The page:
HPV vax, psoriasis biologics, and caregiver quality of life highlight FiRST session
Pushing the frontiers of research, science, and technology.
The latest breakthroughs and innovations in skin science and technology were front and center for the Aug. 7 session, “Frontiers in Research, Science and Technology (FiRST)” (S011). Compared to the late-breaking abstract sessions, “the FiRST session is traditionally smaller, nimbler, and more willing to push earlier stage data, especially in the areas of technology and artificial intelligence,” said Hensin Tsao, MD, PhD, FAAD, the session’s co-moderator. Dr. Tsao is the Richard Allen Johnson, MD Endowed Chair in Dermatology, and head of the Skin Cancer Genetics Laboratory/Wellman Center for Photomedicine at Massachusetts General Hospital in Boston.
The FiRST session featured results from clinical and pediatric studies, and insights on basic science, cutaneous oncology, and procedural dermatology. Here’s a brief summary of four of the 11 presentations.
HPV vaccination and dermatologic surgery
“Mounting evidence suggests that HPV DNA can be transmitted via the surgical plume created during dermatologic surgery, such as laser procedures and electrosurgery,” said Ross L. Pearlman, MD, a PGY4 dermatology resident at the University of Mississippi Medical Center in Jackson. Dr. Pearlman presented results from a survey study of American College of Mohs Surgery members: “Adoption of Human Papillomavirus Vaccination Among Dermatologic Surgeons.” According to the survey, most dermatologic surgeons in the cohort were not vaccinated against HPV. Cases have been reported of surgeons who have developed HPV-positive cancers of the head and neck.
“Changing expert recommendations suggest that HPV vaccination should not just be based on age and sex, but also on occupational risk,” Dr. Pearlman said. “To help surgeons make educated decisions about vaccination, it would be helpful if our own organization, the American Society for Dermatologic Surgery and the American College of Mohs Surgery, developed evidence-based recommendations for HPV vaccination.” Meanwhile, “surgeons need to decide for themselves whether vaccinating based on their occupational risk is right for them,” Dr. Pearlman said.
Bimekizumab shows promise for psoriasis
“We have another dramatic, new effective treatment for psoriasis,” said Mark Lebwohl, MD, FAAD, dean for clinical therapeutics and chairman emeritus in the department of dermatology at Icahn School of Medicine at Mount Sinai in New York City. Bimekizumab is a monoclonal IgG1 antibody that selectively inhibits both interleukin-17A and interleukin-17F. Dr. Lebwohl reported the results of a preliminary study, which followed patients with psoriasis undergoing bimekizumab therapy who achieved clear or almost clear body surface area of less than 1% and their Psoriasis Area and Severity Index (PASI) scores.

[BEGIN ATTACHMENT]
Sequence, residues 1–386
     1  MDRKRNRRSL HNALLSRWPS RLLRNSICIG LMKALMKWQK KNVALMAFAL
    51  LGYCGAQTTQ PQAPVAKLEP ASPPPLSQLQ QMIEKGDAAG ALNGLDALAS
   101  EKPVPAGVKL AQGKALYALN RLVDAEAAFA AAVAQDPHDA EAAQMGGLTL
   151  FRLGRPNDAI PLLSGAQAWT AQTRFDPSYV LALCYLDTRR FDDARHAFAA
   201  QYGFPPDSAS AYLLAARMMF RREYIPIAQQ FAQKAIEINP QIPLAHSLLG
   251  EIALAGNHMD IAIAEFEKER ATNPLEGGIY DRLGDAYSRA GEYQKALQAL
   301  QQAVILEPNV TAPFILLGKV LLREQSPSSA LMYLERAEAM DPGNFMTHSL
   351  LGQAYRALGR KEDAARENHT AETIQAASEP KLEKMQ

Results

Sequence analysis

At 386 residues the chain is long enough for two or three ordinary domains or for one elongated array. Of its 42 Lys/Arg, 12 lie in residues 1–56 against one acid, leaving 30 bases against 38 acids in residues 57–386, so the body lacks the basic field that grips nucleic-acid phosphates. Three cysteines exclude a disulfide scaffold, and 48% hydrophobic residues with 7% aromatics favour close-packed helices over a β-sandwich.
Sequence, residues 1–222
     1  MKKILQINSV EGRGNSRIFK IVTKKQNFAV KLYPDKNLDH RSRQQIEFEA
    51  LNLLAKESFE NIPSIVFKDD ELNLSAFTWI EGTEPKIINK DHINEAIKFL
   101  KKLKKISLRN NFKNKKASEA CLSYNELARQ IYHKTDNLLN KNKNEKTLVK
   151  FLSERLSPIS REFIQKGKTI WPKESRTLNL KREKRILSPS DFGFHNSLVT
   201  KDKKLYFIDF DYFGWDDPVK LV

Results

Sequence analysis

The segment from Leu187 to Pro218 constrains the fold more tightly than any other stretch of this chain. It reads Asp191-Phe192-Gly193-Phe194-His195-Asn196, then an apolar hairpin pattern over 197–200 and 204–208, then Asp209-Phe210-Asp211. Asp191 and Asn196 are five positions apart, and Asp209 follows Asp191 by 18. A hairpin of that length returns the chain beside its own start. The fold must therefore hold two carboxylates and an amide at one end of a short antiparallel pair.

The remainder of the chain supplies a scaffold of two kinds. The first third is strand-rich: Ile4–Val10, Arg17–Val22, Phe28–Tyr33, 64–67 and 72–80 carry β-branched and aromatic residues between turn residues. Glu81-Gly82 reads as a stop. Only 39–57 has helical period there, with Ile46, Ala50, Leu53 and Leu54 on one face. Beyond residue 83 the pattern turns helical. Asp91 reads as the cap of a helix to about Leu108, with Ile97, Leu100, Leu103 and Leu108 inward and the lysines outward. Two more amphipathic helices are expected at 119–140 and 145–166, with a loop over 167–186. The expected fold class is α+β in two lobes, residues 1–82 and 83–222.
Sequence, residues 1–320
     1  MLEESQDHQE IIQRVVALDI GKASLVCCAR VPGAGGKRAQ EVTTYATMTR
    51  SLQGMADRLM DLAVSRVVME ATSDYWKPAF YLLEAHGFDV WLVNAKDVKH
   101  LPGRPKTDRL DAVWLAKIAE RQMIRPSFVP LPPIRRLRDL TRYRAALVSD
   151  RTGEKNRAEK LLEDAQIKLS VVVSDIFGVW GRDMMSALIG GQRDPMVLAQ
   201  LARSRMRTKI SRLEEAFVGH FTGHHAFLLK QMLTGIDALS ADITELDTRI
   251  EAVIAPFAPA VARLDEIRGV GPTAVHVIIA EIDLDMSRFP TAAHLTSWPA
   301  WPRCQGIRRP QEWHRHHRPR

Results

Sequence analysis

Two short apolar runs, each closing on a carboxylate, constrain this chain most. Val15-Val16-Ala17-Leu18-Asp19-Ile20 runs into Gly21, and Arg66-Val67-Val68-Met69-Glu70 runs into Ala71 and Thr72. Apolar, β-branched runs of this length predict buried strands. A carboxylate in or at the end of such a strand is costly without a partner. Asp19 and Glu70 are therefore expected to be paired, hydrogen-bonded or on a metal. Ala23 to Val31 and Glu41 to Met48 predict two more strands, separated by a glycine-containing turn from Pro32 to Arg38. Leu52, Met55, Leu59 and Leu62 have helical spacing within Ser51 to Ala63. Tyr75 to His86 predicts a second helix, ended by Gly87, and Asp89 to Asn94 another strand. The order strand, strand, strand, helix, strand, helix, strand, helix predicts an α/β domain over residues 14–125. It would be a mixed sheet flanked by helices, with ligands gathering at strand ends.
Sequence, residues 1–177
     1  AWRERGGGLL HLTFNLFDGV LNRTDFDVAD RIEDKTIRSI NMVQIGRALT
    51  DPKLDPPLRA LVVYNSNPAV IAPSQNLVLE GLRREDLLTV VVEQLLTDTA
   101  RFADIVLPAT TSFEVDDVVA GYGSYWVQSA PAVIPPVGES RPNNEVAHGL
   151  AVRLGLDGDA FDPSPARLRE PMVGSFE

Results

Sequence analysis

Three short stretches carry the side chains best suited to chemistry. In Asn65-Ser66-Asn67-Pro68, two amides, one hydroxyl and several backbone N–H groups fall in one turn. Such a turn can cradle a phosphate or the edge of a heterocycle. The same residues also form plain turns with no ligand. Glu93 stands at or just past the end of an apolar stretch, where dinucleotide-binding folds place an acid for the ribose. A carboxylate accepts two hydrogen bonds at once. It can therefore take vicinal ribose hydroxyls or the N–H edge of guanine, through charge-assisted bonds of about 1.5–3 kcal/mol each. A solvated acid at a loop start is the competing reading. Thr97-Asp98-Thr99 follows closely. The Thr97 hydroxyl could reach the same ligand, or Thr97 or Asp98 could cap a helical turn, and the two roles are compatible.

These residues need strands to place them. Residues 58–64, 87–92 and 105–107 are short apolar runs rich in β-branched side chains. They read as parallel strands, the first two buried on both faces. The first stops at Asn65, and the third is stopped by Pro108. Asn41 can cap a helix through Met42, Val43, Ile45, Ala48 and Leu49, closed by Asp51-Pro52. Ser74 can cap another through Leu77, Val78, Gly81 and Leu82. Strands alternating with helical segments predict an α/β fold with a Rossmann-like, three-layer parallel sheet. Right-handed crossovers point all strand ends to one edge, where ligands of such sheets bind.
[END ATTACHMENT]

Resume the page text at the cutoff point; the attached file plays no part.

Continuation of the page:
“Patients who achieved clear or almost clear body surface area of less than 1% and PASI 100 at week 16, who were almost clear, was 87.5%,” Dr. Lebwohl said. “When you followed them for two years, the proportion of patients who were still clear or almost clear was 90%. These dramatic benefits show a durable response to bimekizumab.”
AD treatment improves quality of life
The disease burden of severe atopic dermatitis (AD) is well-recognized to extend beyond the patient to other members of the household, particularly parents and caregivers of children with AD. Carden Simcox, PhD, associate director of field medical affairs at Regeneron, shared results from a Phase 3 study of dupilumab with concomitant topical corticosteroids (TCS) in pediatric patients 6 to 11 years of age with severe AD, which included an analysis of the quality of life of their families and caregivers.
“The results showed dupilumab added to TCS in children 6 to 11 years with severe AD improved family quality of life measures for the caregiver and family across all domains assessed, with continued improvement through the 16-week treatment period,” Dr. Simcox said. Dupilumab is the first approved biologic for moderate to severe AD in children 6 to 11 years. “These results show its potential to help reduce the burden on caregivers and improve family quality of life,” Dr. Simcox said.
Potential risk of biologic agents
Research suggests the development of cutaneous T cell lymphomas following exposure to a biologic agent. “While it’s a rare complication, it’s still a complication nonetheless,” said Lauren Schaefer, a fourth-year medical student at Mayo Clinic School of Medicine in Rochester, Minnesota. Schaefer reported on a study examining the number of patients at her institution who developed cutaneous lymphoma after exposure to biologic agents. “We don’t fully understand all of the ramifications of biologic agents, but it’s important to improve clinician awareness so we’re better stewards of these drugs,” Schaefer said.